The next category of wearable technology will be based upon the accessory form factors for female action heroes. It sounds crazy, but we should see new products that look – and maybe feel – like Wonder Woman’s golden bracelets and Xena’s gauntlets.
Take a good look at the current crop of smartwatches in circulation. Many of them could practically pass for bracelets with fat wristbands, incorporating battery and camera to supplement the large touchscreen display. An adjustable wristband seems more of an afterthought than a true solution.
Fixing a smart device into a solid bracelet offers a number of advantages. Better protection and the potential for incorporating a seamless lithium polymer battery are two that come to mind. If you get bracelets about the size of Wonder Woman’s gold ones, there’s a lot of room for electronics and power.
But there’s also the appeal to fashion. Wearable tech generation one is about figuring out how much and what type of functionality to cram into the most convenient form factor. Future generations will focus as much on aesthetics – maybe this is what is taking Apple (News - Alert) so long before it decides to play in the smartwatch arena. Just yesterday, Intel chief executive Brian Krzanich said his company was working with Barneys New York on wearable tech. It won’t be too long before Samsung (News - Alert) and other manufacturers team up with jewelry designers with products appearing beside wedding rings, charm bracelets and regular watches.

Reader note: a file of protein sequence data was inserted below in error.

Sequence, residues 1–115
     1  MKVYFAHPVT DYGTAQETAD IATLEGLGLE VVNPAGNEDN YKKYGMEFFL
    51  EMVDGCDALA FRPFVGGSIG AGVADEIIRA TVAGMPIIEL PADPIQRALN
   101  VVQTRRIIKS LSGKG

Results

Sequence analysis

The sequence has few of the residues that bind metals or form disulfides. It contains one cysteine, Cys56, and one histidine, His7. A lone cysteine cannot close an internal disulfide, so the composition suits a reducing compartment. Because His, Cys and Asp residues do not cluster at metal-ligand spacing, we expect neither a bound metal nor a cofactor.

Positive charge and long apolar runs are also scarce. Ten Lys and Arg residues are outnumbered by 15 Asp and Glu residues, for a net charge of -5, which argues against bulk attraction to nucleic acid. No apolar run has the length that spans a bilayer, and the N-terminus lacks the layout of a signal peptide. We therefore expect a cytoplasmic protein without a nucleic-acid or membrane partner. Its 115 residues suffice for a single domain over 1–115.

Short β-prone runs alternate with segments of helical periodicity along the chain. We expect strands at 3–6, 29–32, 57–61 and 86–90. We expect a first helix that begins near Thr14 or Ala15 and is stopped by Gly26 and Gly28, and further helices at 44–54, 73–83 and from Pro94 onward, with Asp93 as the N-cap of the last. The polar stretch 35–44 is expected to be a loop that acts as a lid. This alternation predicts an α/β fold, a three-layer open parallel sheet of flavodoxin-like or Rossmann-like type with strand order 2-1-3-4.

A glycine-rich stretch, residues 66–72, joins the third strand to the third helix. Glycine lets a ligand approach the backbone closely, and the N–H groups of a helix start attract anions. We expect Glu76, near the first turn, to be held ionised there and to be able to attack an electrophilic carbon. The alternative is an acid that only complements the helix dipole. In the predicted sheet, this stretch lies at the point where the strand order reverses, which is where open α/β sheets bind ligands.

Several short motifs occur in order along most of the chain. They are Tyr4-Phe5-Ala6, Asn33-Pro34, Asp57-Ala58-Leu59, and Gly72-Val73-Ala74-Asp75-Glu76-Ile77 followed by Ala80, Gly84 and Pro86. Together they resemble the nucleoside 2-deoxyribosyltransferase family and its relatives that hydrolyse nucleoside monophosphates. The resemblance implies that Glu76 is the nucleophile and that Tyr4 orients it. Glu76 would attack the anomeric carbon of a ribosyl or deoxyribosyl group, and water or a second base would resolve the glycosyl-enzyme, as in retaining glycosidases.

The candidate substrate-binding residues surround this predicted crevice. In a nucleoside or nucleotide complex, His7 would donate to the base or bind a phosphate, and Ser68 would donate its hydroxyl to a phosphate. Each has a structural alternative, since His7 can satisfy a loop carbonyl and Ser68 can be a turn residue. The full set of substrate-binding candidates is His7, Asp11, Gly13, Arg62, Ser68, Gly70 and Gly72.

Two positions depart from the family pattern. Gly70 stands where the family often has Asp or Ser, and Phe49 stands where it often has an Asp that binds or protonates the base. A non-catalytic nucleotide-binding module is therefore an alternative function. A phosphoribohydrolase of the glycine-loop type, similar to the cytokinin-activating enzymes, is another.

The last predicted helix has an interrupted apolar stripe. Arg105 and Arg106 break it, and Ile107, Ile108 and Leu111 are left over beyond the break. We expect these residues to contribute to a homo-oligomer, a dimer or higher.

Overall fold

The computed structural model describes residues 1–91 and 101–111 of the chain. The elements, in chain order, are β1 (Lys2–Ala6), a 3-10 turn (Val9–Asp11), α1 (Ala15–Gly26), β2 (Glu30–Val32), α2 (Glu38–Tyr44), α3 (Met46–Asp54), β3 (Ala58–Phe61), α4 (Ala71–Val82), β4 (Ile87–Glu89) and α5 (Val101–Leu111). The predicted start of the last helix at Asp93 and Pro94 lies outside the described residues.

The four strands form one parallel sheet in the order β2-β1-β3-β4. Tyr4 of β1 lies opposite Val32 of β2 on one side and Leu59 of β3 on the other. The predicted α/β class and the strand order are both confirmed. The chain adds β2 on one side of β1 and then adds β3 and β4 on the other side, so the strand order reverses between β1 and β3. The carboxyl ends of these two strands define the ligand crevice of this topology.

The desire for bigger wearable screens is already leading to the gauntlet form factor. Interestingly, Samsung and others are already moving in that direction with curved display technology – nobody wants to wear a big flat slab on the wrist. A longer gauntlet form factor provides a big screen for web surfing, along with the extra battery power for the screen and high speed connectivity. Smart gauntlets may serve a s a phone replacement, rather than a Bluetooth accessory akin to current smartwatch designs.
When not in active use for web surfing or video (either the latest Netflix drama or a two way real-time chat), the display can either put up a simple background to “blend in” with the rest of the gauntlet or go into a flashy artistic mode designed to impress onlookers.
Finally, there’s also some interesting territory with the power of two. A pair of bracelets or gauntlets (or a mix for the true fashionista) would provide enough data points for two-handed, multi-gesture interface technology. Put the wrists together to start an action without using voice commands – or to start voice commands – and tap them together again to close the action. In combination with other software and platforms, bracelets and gauntlets could enable any number of applications cooked up by creative minds.
Edited by Cassandra Tucker
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